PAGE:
When Newville Borough Council Vice President Clarence Fry leads prayer at the beginning of borough council meetings, he has one simple goal in mind: to have council members focus on the community.
Fry said that prayer helps the council “do what is best for the community and put all personal agendas aside.”
The right of municipalities to open town meetings in prayer — even if those prayers are almost exclusively Christian in nature — was upheld by the United States Supreme Court by a 5-4 decision on May 5.
In the majority opinion, Justice Anthony Kennedy wrote that the “brief, ceremonial” prayers that precede town meetings in Greece, New York, do not violate the Establishment Clause of the United States Constitution’s First Amendment. Instead, they fit within a national history of accepted legislative prayer dating back to the country’s founding, he wrote. Justice Elena Kagan argued in a dissenting opinion joined by three other justices that the town should have made greater efforts to include non-Christian prayer.
Newville Borough Manager Fred Potzer said the council has opened monthly meetings with prayer since at least the beginning of his tenure as borough manager in 1994, and probably before then.
“Council members have felt this is the right thing to do,” Potzer said.
While the prayers typically ask for wisdom and guidance for the council, they have been used to remember tragedies, like the September 11 terrorist attacks or Hurricane Sandy, he said. The council has never received an objection to the prayers, he said.
Fry, who typically leads the prayers, said they give council members an opportunity to “center on the job at hand” and reflect on how they should make decisions at the meeting.
Most Cumberland County municipalities do not open their meetings with prayer, although Shippensburg Borough Council also opens its meetings with an invocation. Camp Hill and Carlisle have moments of silence before their council meetings.
Mayor Tim Scott said the Carlisle Borough Council always began meetings with a moment of silence during his 12 years on the council, and possibly for decades before that.
“To not have a moment of silence would be like not singing the national anthem at the start of a sporting event. It’s just something that we do. It’s a part of who we are,” he said. “Borough council’s use of a moment of silence gives everyone the opportunity to pray — or not pray — as dictated by their faith or conscience.”
The Hampden Township Board of Commissioners, on the other hand, does not open meetings with either a prayer or a moment of silence.
“I don’t think it’s a necessary thing,” said Chairman Al Bienstock. “I think there’s sufficient diversity among the people in terms of different religions, that I’m very content to leave it without a prayer or a moment of silence.”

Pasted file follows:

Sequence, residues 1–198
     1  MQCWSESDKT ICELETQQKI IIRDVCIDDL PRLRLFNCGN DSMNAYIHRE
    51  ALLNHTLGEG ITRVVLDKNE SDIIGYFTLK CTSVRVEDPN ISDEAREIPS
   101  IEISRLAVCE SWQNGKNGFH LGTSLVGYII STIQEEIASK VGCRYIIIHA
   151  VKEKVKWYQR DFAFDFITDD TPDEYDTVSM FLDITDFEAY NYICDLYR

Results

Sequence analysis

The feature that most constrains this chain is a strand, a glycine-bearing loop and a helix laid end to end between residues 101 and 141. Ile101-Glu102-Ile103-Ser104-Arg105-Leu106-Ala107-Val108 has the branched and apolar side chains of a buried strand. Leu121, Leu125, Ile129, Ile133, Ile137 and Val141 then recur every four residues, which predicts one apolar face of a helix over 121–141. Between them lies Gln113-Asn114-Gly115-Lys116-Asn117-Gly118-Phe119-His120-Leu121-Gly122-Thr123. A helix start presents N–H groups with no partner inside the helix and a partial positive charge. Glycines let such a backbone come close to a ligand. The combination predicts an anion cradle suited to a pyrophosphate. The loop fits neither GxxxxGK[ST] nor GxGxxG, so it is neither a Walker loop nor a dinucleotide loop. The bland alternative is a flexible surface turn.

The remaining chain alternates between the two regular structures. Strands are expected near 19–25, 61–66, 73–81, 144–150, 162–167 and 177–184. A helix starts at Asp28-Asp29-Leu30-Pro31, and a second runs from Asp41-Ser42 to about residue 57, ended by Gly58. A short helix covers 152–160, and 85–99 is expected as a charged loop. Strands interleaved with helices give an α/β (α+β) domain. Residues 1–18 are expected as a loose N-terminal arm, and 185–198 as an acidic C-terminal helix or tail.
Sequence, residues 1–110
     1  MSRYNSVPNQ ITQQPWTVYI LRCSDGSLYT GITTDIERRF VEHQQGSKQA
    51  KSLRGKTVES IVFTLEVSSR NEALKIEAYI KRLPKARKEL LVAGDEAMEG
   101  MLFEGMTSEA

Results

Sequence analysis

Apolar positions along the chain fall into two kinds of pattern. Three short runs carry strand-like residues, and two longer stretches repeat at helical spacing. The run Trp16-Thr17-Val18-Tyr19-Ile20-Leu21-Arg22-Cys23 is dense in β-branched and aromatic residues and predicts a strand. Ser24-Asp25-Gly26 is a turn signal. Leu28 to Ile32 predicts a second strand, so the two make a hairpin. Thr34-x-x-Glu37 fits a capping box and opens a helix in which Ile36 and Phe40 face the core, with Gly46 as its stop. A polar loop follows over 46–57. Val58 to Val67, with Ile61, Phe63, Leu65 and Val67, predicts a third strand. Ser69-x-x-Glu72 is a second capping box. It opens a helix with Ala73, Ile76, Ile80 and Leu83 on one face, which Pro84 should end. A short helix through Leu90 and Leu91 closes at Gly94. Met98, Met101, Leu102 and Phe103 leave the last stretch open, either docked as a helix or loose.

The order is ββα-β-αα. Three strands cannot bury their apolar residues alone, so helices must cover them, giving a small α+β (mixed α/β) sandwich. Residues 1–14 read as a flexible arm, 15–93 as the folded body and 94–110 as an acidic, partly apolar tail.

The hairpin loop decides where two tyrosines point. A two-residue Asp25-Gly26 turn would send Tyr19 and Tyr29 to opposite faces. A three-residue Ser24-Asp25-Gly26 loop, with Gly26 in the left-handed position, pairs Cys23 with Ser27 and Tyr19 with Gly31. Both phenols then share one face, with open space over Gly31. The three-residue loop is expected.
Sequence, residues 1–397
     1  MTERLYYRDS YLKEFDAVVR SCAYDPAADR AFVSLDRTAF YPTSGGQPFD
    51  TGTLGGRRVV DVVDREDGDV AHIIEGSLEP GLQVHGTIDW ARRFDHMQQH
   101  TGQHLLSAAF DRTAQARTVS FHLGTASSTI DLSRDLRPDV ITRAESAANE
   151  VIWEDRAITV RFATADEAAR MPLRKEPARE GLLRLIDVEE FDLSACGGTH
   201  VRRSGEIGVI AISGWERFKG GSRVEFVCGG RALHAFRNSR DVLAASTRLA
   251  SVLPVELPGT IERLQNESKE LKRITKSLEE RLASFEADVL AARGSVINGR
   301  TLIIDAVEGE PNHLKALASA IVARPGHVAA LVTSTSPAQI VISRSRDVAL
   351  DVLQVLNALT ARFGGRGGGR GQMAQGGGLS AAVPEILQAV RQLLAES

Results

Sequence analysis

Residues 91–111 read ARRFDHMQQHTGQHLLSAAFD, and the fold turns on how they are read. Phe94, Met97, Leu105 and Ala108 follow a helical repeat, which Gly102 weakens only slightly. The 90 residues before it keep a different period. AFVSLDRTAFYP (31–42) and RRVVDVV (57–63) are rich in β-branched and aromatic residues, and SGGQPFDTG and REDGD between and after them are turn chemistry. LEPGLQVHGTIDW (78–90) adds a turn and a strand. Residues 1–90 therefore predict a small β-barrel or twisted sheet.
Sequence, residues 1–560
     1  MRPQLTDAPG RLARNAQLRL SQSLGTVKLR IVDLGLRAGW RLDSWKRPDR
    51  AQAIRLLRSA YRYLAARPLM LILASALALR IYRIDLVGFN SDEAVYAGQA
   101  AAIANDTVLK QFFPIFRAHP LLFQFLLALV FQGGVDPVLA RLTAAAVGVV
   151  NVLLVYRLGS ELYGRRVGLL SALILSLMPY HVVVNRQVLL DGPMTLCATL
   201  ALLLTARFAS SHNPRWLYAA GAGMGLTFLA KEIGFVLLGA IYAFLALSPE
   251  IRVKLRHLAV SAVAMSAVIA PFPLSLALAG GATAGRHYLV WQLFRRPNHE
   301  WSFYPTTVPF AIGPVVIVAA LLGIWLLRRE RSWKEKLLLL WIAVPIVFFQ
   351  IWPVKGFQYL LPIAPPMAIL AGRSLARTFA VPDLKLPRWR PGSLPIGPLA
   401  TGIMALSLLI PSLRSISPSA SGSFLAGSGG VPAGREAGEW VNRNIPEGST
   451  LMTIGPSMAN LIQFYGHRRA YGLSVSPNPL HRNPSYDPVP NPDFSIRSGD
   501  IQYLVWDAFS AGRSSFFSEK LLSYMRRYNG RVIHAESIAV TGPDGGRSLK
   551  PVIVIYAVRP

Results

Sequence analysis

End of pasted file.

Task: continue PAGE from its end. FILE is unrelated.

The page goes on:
However, the township has held moments of silence on special occasions in memory of someone who has died, Bienstock said.
Dickinson College Assistant Professor David O’Connell said he was surprised the Supreme Court decided to rule on the case since legislative prayer doesn’t seem to be a hot-button political issue. Polls show that about 75 percent of Americans would support a constitutional amendment allowing public prayer, and both liberal and conservative organizations wrote briefs in support of Greece, O’Connell said.
Still, supporters and opponents of town meeting prayer worry about a slippery slope that could result from the decision, he said.
Kagan’s dissent expressed concern that Christian prayers could now be held before government functions like naturalization ceremonies that would create an even more uncomfortable situation for those of other faiths, he said. Had the prayers been ruled unconstitutional, however, supporters worried about the decision’s effect on other long-standing references to God in public settings, he said.
Those supporting prayer before legislative meetings can make a simple yet persuasive argument, according to O’Connell: such prayers cannot violate the First Amendment prohibition on laws “respecting the establishment of religion” because the people who passed that amendment supported public prayer. In fact, the legislative meeting at which the First Amendment was adopted included a chaplain prayer, he said. Those advocating for the First Amendment were actually concerned that the constitution was anti-religious, particularly given its prohibition on religious tests for public office holders, he said.
“There’s a good argument that the purpose of the First Amendment religion clause was not to protect government from religion but to protect religion from government,” he said.
However, the Supreme Court has placed caveats on public prayer. A string of court decisions have prohibited corporate prayer in public schools and public school functions — even when such prayers are student-led — on the grounds that they coerce students of other religions or no religion to participate, he said.
Kagan also argued that legislative prayer must be “non-sectarian” to accord with the nation’s tradition, he said. The court majority, however, said such a standard would be unworkable since even a prayer offered to “God” could offend those of polytheistic faiths, he said.
The 5-4 decision ends a lawsuit brought against Greece in 2008 by Jewish resident Susan Galloway and atheist resident Linda Stephens.